Not only will you need to work together with all members of your design team to make sure that the software and mechanical requirements are clearly stated, but with your manufacturers as well. Multi-board design is intended to reduce development time by organizing multiple designs together within a single environment. To ensure that you benefit from this new design paradigm, you need to make sure that your processes and workflows are updated and ready. The last thing you want is to slow down your multi-board design process with single board design practices and procedures.
Schematic Capture in Multi-Board Design
You are already used to working with a single board schematic, and you’ve probably worked with hierarchical schematics as well. System schematic design is similar to working with hierarchy, but instead of the upper-level blocks representing different areas of circuitry, they will represent different circuit boards instead. The process here is to link your individual schematics together in the system schematic. You will still design and simulate your schematics at the individual level, but you will also be able to simulate at the system level as well.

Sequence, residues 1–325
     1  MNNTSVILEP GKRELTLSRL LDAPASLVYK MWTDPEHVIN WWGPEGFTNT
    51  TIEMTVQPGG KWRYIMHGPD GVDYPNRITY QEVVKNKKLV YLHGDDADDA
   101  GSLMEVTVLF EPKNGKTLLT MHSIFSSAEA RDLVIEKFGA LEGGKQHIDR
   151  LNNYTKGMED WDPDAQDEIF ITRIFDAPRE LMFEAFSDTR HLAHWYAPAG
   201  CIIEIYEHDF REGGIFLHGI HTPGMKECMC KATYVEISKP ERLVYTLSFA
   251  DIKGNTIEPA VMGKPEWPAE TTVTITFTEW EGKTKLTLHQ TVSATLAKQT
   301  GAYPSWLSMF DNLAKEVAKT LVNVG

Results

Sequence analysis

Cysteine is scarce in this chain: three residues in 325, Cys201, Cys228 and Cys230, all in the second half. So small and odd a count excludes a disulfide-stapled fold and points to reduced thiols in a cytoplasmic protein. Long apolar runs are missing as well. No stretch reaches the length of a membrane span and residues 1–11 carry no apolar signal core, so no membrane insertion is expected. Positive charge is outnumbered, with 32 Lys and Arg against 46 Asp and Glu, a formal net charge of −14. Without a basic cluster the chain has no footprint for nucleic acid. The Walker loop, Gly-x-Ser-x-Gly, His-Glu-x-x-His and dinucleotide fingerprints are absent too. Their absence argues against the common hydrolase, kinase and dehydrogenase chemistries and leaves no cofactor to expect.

Organize and Set Up Your Design Rules
A portion of every PCB layout is setting up the design parameters and the rules and constraints of the design. With a multi-board design, you need to do that with every layout that you are working with. This will cover everything from PCB part libraries, layer stackups, and design rules. The more that you can do to maintain consistency between the different layout databases, the less you will have to adjust when shifting between designs.
If you haven’t done so already, you should consider saving different board outline templates, layer stackups, and design rules off in a central location like your PCB library parts. This will help your design organization, and enable you to get started on your layouts much sooner than if you have to re-enter all of this information manually for each design. Working with templates and copies like this will also help to reduce the chance for human error when inputting the same rules over and over again.